Champagnes range from dry, "Brut," to slightly sweet, "Demi-Sec." Pinot Noir and Chardonnay grapes are used in Champagne blends, but "Blancs de Noirs" is made entirely of Pinot Noir and "Blancs de Blanc" is made from only Chardonnay grapes. The high acidity achieved by the northern location is crucial to the balance and structure of these wines.
Not every year is a "vintage" declared. In years when it is not, the wines are blended with the produce from other years to create the non-vintage blend, the house style that remains constant from year to year. But in a great vintage year, champagne houses will bottle by itself the unblended year's produce, and use other portions as "reserve" wines to supplement and enrich the non-vintage blend. A vintage champagne can age quite gracefully, and gain complexity just like any other great still wine.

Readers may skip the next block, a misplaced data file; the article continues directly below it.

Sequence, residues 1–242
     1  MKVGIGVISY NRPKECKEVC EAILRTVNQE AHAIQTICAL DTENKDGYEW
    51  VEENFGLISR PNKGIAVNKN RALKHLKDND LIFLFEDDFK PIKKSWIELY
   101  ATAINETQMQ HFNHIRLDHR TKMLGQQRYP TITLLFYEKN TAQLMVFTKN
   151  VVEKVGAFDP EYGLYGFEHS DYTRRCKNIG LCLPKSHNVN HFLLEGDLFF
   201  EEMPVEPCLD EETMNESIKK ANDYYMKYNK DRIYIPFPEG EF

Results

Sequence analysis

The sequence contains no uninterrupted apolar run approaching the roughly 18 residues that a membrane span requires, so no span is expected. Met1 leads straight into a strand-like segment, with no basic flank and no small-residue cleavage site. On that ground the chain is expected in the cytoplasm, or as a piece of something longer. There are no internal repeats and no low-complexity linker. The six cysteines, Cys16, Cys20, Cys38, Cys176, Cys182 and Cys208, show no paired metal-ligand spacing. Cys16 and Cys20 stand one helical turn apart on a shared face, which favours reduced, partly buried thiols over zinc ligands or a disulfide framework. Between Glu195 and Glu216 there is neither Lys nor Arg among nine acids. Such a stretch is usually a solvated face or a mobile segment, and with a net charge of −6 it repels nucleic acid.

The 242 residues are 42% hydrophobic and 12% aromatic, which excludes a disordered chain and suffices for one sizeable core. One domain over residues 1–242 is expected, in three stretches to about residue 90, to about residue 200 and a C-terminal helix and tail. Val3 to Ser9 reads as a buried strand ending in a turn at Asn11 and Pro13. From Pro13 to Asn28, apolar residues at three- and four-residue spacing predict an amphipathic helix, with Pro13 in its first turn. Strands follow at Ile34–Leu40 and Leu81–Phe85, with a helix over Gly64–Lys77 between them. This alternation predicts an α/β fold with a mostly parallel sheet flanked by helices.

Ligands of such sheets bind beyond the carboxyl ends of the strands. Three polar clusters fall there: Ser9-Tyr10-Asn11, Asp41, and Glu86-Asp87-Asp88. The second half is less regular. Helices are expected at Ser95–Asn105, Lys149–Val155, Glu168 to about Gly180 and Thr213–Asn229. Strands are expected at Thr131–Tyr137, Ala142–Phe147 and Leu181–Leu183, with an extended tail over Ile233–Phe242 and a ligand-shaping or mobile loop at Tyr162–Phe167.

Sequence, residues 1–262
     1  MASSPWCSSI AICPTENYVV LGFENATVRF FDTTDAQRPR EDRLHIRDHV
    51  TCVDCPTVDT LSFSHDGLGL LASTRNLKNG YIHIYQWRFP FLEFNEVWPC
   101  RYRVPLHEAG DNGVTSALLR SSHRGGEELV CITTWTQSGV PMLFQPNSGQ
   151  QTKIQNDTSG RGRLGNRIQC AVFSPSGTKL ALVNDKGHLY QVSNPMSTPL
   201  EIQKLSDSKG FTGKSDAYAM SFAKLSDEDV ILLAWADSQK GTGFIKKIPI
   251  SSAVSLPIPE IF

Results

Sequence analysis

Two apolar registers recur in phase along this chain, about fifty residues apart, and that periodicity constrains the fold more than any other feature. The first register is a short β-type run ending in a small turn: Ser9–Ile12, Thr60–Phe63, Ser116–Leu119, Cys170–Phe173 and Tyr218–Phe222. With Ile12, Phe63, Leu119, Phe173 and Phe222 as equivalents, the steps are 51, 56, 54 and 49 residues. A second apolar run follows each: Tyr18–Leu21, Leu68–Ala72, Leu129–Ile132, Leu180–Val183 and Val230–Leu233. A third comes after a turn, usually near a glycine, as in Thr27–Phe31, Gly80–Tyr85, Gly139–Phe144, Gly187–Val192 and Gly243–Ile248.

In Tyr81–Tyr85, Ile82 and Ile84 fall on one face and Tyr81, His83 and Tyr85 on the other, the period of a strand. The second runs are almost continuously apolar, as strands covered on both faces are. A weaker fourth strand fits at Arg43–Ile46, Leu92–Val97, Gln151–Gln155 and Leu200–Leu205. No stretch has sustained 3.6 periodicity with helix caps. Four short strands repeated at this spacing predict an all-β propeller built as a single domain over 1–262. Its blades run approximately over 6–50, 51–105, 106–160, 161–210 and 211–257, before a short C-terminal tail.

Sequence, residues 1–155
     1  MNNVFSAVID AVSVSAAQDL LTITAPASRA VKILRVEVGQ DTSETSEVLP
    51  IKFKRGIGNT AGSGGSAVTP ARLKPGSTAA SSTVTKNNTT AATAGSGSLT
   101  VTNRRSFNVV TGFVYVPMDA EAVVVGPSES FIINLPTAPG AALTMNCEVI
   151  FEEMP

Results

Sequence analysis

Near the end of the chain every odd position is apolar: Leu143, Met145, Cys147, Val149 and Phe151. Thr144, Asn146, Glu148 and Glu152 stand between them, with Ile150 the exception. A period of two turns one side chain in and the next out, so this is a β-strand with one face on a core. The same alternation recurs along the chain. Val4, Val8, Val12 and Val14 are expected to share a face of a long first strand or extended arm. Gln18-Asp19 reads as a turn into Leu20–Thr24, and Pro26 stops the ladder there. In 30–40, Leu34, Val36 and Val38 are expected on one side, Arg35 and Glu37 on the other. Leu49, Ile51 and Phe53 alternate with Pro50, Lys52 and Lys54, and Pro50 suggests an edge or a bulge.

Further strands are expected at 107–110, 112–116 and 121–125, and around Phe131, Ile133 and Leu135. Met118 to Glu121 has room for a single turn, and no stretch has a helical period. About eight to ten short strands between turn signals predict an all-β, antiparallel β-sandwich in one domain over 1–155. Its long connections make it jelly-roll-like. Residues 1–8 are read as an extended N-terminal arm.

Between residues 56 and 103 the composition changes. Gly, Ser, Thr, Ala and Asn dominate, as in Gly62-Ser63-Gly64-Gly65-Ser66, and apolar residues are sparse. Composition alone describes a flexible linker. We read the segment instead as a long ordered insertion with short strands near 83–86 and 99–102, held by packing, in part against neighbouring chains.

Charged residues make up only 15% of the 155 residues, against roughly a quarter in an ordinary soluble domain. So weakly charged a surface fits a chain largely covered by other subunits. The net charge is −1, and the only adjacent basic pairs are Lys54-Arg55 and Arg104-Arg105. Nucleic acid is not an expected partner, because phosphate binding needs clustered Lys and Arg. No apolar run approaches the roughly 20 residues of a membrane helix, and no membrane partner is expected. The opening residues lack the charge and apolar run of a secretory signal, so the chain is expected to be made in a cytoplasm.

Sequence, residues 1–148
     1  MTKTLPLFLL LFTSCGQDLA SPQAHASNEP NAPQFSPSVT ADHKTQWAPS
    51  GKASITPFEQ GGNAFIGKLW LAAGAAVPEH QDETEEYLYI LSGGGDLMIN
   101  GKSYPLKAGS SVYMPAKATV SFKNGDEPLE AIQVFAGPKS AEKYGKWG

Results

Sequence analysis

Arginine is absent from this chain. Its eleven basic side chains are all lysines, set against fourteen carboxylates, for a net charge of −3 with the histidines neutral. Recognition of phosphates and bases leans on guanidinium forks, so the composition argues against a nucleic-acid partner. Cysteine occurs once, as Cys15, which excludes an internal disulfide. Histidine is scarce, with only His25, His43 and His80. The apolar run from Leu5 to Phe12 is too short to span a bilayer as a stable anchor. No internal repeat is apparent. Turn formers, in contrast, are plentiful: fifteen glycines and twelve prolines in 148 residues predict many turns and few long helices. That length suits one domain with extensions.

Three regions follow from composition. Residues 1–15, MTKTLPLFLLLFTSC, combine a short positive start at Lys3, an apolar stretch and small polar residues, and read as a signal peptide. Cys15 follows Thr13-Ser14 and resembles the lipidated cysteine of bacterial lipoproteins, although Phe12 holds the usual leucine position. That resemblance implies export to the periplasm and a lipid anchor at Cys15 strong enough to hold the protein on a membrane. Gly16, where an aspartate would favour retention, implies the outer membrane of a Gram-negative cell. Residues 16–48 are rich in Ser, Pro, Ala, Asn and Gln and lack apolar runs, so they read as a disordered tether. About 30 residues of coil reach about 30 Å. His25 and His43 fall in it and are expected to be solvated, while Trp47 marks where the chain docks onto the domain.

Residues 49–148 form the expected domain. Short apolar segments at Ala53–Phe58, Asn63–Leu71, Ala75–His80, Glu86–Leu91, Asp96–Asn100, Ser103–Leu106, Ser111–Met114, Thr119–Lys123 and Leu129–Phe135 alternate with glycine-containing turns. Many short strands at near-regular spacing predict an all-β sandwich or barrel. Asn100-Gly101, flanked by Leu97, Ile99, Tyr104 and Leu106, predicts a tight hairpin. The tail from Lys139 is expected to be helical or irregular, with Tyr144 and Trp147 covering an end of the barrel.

Mild cheeses like gruyere and shellfish pair nicely with Champagne. Also, oysters and Champagne is a popular combination. A full-flavored vintage Champagne can go with almost any meal.
About France - Other regionsWhen it comes to wine, France is a classic. Classic blends, grapes and styles began in the country and they still remain. Think about it - people ask for a Burgundian style Pinot Noir, they refer to wines as Bordeaux or Rhone blends - Champagne even had to pass a law to stop international wineries from putting their region on the label of all sparkling wine.
The top regions of France are: Bordeaux, Burgundy, Champagne, Languedoc-Roussillon, Loire, Rhone. And these regions are so diverse! It makes sense that wine regions throughout the world try to emulate their style. Pinot Noir, Chardonnay, Cabernet Sauvignon and Syrah are no longer French varieties, but international varieties. They may not be the leader of cutting edge technology or value-priced wines, but there is no doubt that they are still producing wines of great quality and diversity.